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brought to me a few days after, when I was on the road ; he was brought in the evening, and I did not like punishing and letting him go then, as he might revenge himself in the night. It is not easy to secure a powerful supple-limbed negro, so that he cannot slip loose, but in this case I handcuffed his wrists, one on each side of the stem of a tree, and made my fire near him that he might not be too much chilled during the night, and in the morning I gave him a most severe flogging and let him go. One of the four culprits who had been left for dead we also found. He was fearfully bruised with the clubs, and perfectly stripped, but had crawled to the same watering-place-a vley-that I was encamped at. His punishment had been, I thought, amply sufficient, and I gave him a meal, and let him go, but I sadly fear, from what I heard long subsequently, that some of my Damaras followed and assegaied him.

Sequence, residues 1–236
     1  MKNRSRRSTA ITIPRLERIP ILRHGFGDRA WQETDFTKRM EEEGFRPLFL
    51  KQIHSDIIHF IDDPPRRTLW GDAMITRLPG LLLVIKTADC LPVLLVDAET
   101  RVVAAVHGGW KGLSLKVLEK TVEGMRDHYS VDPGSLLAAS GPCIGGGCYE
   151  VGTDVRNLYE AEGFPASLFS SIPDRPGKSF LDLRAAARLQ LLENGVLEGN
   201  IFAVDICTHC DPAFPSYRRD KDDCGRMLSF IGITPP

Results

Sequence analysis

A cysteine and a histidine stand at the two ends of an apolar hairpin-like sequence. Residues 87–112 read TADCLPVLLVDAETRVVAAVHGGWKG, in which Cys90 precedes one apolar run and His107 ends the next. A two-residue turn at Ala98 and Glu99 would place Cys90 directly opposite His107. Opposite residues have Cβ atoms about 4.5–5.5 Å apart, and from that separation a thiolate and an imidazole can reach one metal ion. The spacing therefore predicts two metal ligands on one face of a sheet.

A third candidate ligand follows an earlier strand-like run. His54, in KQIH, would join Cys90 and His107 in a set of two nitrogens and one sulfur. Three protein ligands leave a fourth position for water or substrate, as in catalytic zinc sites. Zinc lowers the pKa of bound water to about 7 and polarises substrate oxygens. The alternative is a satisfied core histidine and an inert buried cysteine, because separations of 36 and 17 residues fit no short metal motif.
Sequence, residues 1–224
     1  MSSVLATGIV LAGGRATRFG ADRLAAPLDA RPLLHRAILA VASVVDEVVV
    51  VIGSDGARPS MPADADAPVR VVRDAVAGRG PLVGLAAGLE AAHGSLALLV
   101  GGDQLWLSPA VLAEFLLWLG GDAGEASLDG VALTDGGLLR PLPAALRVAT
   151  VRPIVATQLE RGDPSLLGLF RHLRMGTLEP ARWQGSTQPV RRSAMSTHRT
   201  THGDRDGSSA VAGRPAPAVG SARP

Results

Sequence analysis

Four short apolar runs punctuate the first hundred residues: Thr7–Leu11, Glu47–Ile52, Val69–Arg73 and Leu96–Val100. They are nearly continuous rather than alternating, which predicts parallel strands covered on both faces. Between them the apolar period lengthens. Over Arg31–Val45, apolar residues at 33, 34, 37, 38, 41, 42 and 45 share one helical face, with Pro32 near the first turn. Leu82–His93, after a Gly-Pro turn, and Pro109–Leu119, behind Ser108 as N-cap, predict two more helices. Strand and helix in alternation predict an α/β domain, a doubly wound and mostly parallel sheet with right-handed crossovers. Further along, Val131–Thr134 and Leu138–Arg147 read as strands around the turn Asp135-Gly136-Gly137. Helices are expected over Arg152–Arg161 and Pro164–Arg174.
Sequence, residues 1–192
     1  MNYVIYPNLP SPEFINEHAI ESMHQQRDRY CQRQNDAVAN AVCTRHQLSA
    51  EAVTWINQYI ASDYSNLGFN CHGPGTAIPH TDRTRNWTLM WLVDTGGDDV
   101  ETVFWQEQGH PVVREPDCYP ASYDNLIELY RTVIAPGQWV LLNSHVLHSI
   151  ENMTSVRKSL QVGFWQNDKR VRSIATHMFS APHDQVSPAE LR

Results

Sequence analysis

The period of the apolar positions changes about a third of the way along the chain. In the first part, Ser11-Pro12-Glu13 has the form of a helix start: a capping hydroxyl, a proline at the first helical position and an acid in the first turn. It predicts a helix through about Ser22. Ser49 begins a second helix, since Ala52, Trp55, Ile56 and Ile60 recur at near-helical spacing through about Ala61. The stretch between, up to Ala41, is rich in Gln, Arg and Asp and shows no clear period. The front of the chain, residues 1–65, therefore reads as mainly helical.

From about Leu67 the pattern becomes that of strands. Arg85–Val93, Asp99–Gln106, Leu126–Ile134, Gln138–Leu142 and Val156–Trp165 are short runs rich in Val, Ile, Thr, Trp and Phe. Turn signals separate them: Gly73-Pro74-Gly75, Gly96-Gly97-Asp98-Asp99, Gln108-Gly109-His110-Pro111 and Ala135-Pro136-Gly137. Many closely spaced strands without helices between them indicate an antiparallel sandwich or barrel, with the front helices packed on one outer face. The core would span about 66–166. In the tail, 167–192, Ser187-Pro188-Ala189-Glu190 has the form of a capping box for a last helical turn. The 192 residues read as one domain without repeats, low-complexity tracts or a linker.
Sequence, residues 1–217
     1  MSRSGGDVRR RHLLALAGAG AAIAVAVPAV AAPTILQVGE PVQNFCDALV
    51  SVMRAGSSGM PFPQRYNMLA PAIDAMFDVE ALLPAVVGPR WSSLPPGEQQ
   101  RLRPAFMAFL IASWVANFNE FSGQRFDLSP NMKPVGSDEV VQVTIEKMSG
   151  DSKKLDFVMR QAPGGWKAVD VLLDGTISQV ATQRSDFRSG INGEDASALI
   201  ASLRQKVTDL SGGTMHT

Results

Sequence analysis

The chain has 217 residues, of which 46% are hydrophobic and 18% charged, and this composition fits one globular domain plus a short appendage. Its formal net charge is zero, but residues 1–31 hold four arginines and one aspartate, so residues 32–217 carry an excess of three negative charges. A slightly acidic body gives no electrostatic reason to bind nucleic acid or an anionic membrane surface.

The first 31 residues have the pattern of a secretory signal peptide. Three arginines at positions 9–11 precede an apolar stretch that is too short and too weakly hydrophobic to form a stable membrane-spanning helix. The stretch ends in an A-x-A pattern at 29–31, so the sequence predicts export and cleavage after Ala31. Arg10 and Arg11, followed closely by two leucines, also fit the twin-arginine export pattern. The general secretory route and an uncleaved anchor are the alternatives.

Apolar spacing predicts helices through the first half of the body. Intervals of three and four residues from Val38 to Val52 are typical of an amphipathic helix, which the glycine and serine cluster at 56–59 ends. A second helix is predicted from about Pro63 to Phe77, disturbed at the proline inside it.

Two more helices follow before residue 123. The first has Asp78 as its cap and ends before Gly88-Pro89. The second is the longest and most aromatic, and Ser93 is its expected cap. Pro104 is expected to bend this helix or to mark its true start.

Kahikene's men had in the meantime frightened mine about Omagunde's people, and they were quite panic-struck and mutinous, and fairly refused to go any further. Andersson here was of the greatest assistance to me. He would have accompanied me alone, and Timboo I think would not have failed us. The waggon-men knew I was in their power. If the cattle had been moderately tame, and the country at all open, Andersson and I could ourselves have taken the waggons back to Barmen, and, leaving them there, ridden on; but the character of the expedition and of the country made us as dependent on a large body of men as a frigate is upon a large crew. Hans had not been long enough with me to become thoroughly attached to my cause, and he had a very disagreeable time of service, owing to the laziness and jealousies of the waggon-men, and would then have been very glad to have discontinued it. I earnestly longed to place a broad tract of country between me and the mission stations, and then I knew that the waggon-men would hesitate before they ran away and crossed it alone. I persuaded the men, instead of going north through the hostile country, to turn to the left and travel westwards to Kahikend's headquarters. We passed by a great many kraals, in few of which were there more than ten houses, generally only five or six-probably one hundred head of cattle and not more, belonged to each kraal. Of these, twenty or thirty were the chief's own property, taken care of by the people who occupied the huts, together with the other oxen which were their own. The perquisites for taking care of the chief's cattle consisted of the milk of the cows, and occasionally a calf or lamb,